Dori’s Best of 2013

Another year of great books, but when I read all these end of the year lists, all I can think of is that there are so many left undone! But enough wallowing…here are my favorites:

A Constellation of Vital Phenomena by Anthony Marra: delves into the surreal horror and tenderness of the lives of Chechens during their ethnic civil war. When Russian soldiers kill her father, a village doctor hides a young girl with a surgeon in the nearest city – we learn of their past, present and future and how they all weave together.

The Good Lord Bird by James McBride: a remarkable look at abolitionist John Brown – told from the perspective of a young slave – there was some repetition that an editor should have addressed, but the subject, story, language and wit made it unique and wow, that John Brown was some crazy bad*ss!  – crazy sane!

The Flamethrowers by Rachel Kushner: this one was a difficult read, but it’s stuck with me – the story of a woman artist in the 70’s – the tone was so amazing plus the cover, I mean, come on, doesn’t that tempt you?

Me Before You by JoJo Moyes: what starts out as a seemingly cute potential relationship story evolves into one addressing euthanasia – really well done.

The Son: a Novel by Philipp Meyer: an epic western historical saga – just my cup of tea – with lots of details about the lives of American Indians and Anglo/Mexican relations. I could not put it down.

The Ocean at the End of the Lane by Neil Gaiman – Gaiman’s weird world of memory and childhood; so intriguing.

The Interestings by Meg Wolitzer: I listened to this one on audiobook and even though I did not love all the characters, I found this story of a group of friends who meet at an arts camp as teens funny, relatable and heartbreaking.

Yellow Birds by Kevin Powers: this is one I listened to as well – it is told by a soldier in Iraq and his experiences of friendship and tragedy – a powerful and beautifully written first novel.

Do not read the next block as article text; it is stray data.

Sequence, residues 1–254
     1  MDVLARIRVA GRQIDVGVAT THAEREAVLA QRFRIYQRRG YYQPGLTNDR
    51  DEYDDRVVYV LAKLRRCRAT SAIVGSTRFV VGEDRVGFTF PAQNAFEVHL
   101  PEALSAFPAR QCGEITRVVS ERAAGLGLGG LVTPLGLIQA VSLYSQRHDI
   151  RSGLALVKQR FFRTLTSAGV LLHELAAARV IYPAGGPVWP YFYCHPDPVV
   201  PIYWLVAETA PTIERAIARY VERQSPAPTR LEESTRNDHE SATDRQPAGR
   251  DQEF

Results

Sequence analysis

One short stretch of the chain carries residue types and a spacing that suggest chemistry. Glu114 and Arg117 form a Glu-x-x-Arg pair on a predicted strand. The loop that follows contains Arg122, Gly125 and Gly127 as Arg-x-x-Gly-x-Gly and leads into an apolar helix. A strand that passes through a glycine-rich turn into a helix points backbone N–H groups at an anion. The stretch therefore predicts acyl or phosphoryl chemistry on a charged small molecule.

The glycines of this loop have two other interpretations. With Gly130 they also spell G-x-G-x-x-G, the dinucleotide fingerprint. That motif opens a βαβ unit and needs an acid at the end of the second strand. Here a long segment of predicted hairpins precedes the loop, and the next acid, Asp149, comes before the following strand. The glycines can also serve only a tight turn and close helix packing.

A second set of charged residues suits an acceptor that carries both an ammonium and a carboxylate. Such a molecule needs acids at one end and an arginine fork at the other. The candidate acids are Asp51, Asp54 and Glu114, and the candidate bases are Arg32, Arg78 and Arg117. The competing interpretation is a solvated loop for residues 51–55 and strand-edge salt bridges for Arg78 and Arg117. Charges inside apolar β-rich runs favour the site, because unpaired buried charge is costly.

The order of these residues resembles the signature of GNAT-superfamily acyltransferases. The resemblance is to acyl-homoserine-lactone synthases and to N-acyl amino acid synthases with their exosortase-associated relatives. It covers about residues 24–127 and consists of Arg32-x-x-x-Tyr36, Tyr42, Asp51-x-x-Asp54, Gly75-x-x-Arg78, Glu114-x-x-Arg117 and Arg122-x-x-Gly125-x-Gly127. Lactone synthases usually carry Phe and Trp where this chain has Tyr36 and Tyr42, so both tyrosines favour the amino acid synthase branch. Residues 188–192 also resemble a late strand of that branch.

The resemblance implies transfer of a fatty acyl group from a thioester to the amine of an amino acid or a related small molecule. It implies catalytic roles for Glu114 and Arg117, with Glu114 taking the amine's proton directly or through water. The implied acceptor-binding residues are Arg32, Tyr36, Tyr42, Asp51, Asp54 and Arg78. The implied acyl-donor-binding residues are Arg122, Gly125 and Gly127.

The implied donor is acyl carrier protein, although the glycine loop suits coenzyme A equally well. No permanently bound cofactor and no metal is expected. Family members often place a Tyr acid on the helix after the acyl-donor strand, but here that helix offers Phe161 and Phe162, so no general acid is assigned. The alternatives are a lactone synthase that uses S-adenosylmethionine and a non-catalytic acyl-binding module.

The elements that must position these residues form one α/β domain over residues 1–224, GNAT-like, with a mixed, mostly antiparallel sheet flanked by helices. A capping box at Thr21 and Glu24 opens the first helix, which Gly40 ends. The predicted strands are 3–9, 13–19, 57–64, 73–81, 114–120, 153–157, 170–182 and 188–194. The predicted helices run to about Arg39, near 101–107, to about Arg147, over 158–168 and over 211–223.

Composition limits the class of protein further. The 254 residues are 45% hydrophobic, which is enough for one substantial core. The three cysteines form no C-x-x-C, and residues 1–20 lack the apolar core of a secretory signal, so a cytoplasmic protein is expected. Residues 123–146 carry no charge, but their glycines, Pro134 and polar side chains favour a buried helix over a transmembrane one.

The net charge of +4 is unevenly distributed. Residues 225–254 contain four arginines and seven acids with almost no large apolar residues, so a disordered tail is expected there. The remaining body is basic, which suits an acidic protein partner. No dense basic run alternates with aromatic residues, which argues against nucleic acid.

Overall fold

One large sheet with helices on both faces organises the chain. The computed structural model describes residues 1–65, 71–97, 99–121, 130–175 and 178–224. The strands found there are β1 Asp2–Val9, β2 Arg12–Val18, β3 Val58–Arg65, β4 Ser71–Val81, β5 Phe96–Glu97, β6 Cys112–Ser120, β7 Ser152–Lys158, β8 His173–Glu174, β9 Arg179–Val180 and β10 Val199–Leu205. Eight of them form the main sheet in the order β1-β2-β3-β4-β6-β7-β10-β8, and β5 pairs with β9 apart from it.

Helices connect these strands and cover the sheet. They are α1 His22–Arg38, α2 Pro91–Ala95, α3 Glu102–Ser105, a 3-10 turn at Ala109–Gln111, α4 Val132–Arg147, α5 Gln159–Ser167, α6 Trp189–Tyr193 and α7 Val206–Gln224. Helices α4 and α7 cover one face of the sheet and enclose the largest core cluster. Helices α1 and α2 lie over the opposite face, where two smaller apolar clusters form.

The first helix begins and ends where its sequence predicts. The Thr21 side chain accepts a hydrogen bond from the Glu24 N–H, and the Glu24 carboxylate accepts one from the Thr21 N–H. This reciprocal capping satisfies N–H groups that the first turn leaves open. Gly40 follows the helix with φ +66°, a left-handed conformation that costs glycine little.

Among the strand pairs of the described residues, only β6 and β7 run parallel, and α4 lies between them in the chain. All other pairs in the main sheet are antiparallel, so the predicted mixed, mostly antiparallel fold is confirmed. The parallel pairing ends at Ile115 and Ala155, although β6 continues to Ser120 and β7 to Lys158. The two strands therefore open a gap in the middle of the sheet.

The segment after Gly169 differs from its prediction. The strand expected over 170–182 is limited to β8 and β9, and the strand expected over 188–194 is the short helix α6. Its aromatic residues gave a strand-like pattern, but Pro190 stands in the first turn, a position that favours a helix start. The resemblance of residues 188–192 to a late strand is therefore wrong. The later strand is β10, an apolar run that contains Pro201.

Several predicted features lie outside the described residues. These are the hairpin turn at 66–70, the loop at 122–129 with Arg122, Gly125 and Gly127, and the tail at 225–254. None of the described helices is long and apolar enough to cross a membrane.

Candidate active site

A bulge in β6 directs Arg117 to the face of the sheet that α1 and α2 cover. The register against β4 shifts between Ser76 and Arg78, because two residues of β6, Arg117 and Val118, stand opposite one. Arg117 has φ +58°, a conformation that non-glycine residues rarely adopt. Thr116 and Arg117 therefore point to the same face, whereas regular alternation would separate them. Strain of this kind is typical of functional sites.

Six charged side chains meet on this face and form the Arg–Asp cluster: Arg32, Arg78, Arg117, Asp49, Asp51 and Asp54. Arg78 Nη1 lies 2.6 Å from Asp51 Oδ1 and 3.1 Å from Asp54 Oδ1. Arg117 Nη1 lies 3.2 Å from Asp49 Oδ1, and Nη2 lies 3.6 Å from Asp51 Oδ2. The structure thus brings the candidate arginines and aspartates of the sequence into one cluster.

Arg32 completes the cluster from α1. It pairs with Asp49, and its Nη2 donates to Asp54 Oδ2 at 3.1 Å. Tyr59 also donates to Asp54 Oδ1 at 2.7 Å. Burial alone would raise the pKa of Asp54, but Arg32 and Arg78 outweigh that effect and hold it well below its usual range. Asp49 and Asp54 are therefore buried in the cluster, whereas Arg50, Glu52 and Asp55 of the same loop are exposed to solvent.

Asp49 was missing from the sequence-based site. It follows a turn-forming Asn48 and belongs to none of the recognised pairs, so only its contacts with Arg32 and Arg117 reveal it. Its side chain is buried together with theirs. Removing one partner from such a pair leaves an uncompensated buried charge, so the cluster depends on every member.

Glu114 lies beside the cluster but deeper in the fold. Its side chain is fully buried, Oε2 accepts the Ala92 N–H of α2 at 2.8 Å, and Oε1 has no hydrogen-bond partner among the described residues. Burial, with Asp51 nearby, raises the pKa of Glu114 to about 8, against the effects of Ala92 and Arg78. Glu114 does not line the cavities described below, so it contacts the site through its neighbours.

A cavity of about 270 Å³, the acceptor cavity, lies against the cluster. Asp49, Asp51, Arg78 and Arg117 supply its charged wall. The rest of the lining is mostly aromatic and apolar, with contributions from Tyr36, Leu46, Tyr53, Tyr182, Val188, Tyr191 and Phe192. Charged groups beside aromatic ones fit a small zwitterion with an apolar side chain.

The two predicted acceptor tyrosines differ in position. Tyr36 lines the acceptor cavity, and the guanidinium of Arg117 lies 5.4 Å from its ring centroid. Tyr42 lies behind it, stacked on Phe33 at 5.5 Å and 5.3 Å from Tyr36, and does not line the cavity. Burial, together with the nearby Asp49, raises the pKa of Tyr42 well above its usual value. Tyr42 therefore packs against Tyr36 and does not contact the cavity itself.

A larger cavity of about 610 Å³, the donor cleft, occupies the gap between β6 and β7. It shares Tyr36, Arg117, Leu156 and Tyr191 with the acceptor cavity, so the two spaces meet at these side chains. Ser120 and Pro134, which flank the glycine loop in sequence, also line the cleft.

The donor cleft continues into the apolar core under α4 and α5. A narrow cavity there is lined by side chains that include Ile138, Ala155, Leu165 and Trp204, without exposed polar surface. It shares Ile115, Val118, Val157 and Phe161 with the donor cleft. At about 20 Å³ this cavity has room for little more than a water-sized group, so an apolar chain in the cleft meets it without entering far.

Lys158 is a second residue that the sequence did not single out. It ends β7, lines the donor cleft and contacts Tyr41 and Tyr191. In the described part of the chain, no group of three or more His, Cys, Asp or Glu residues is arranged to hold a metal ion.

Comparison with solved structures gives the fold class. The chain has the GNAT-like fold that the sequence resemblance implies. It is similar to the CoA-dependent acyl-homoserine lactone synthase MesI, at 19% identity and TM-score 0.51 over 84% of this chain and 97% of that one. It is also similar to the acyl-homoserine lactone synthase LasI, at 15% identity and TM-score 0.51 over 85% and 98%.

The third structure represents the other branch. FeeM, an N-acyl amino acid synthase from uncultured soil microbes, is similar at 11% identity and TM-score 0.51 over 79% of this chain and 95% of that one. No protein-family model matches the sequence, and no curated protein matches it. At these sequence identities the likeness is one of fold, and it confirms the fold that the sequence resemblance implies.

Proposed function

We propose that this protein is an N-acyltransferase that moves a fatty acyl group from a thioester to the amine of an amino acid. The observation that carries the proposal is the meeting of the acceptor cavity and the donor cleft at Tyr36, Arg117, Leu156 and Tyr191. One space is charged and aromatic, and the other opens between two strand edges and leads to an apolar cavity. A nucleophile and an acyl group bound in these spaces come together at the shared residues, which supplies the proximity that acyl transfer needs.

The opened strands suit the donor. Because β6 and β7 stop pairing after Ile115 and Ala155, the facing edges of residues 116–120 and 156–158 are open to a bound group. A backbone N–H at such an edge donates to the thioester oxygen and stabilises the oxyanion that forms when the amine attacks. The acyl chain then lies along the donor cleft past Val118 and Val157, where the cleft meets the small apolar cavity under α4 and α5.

Death of a Nightingale by Lene Kaaberbol: I do love some Scandinavian mysteries – so dark, wintery and gloomy and this one fits the bill perfectly. Instead of a detective who’s going off the rails, it stars a Red Cross nurse, and in this one she’s trying to save the life of a Ukrainian refugee and her daughter.

2 for the price of one – Louise Penny’s The Beautiful Mystery and How the Light Gets In: I started late in the Inspector Gamache series, and these two latest show Penny at her best – with page turning suspense, heart breaking relationships and multi-dimensional characters.

Oh and I’m in the middle of listening to The Rosie Project by Graeme Simpson: an autistic Australian professor of genetics navigates love – it’s funny, touching and clever – you will fall in love with Don Tillman!

And I guess I should make it ’13 in 13′ like my colleagues – so I will add the The Love Affairs of Nathaniel P by Adelle Waldman, another first novel. A comedy of manners about the love lives of smart, hipster Brooklynites – she does some fine skewering!

That’s it – must get home to get some more reading done (in between decorating, eating, etc.)! Happy Holidays to all –

~ Dori

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